Beyond creating test cases for issue 432 (on Google Code) and issue 424 (on Google Code) and committing them I intend to work on issue 443 (on Google Code).

Oct 23rd

I ran into issues re-integrating the code I had previously developed to refactorize interface with newer commits. I do believe that the error is on my end, but after spending quite a bit of time on it I still struggled to make it work. I decided to focus on fixing the issues that exist with interface first and to refactorize after.

In that optic, I worked on and fixed issue 452 (on Google Code). That issue actually isn't purely related to interfaces, but rather both interfaces and classes. Essentially the motivation for this issue was realizing that in Ruby a constant is denoted exclusively by having its first letter be upper case. Two new warnings where added: 160 (for a constant that has an invalid name) and 161 (for a constant that does not start with an upper case letter). The code that generates both warnings is based on the code for errors 140 and 141. I also changed the name of the constants in Umple's source code to be in caps to avoid having errors thrown when Umple is compiling itself.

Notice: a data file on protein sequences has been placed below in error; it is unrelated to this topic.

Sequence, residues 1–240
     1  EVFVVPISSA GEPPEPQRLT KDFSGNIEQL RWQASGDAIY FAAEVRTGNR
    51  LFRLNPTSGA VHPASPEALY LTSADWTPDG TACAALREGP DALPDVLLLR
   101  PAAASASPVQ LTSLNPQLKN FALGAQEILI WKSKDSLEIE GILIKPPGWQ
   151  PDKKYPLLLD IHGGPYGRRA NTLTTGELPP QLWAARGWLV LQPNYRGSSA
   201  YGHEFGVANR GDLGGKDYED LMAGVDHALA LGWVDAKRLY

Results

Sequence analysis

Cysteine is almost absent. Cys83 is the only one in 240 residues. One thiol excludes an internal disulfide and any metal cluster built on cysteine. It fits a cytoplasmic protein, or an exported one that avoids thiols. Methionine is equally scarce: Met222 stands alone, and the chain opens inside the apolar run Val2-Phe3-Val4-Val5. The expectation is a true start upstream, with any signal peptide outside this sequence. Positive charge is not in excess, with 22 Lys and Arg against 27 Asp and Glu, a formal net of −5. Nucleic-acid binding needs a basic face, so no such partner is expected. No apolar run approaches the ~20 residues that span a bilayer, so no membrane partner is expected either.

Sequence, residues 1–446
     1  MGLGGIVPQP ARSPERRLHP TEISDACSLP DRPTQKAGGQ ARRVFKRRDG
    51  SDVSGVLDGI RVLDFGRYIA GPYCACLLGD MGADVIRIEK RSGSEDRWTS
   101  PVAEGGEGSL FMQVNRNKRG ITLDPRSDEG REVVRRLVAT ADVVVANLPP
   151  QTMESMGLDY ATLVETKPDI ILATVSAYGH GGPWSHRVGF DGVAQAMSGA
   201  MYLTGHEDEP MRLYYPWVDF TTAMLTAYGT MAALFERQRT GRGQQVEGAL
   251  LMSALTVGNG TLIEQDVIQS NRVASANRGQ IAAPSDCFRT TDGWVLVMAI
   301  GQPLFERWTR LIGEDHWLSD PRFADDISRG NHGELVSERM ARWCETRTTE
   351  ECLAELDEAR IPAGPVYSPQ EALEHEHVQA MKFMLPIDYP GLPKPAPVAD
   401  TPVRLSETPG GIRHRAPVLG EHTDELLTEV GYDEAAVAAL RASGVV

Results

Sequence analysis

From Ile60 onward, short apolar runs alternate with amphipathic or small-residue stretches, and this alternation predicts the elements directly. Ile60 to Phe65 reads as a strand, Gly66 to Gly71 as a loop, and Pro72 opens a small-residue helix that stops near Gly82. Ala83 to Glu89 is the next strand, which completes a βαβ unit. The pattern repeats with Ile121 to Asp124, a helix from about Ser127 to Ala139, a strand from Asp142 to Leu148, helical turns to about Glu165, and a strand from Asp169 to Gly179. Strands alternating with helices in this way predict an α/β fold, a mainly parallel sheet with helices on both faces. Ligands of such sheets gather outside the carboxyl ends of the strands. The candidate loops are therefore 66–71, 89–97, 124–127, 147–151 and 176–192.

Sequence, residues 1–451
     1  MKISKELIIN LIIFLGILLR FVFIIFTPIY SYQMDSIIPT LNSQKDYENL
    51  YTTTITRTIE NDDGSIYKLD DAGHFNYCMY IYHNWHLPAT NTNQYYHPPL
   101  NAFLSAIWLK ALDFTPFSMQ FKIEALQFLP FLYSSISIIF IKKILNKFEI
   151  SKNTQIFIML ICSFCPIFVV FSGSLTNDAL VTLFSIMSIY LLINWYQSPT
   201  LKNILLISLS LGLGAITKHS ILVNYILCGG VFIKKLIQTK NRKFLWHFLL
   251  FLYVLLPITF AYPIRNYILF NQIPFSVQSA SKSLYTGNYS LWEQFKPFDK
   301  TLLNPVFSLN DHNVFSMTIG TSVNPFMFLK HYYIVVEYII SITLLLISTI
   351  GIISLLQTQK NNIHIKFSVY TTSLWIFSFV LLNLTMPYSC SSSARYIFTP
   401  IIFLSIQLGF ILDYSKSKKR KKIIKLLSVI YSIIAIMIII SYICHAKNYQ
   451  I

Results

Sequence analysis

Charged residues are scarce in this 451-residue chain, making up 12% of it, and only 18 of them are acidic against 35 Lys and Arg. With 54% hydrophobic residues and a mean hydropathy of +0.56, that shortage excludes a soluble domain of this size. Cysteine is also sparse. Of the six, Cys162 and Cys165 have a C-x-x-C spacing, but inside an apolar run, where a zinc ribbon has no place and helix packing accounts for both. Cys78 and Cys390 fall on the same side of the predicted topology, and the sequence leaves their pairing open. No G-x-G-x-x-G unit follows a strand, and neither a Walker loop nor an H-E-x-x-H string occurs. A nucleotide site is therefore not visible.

Oct 17th

I have modified UmpleElement to take on much of the variables UmpleClass had earlier. UmpleClass now only contains elements that are uniquely necessary to classes. This makes it possible to use the UmpleClass validation code on UmpleInterface. I am currently toying with a change of the Interface grammar, but I came to the conclusion that it would probably be better to make Interfaces function properly before I modify the grammar to make it work in the same way a Class' grammar does. I still need to implement test cases and do some minor tweaks to UmpleInternalParser_CodeClass.ump before my changes can go live. After that's done I'll work on unifying the grammar for classes and interfaces.

Oct 1st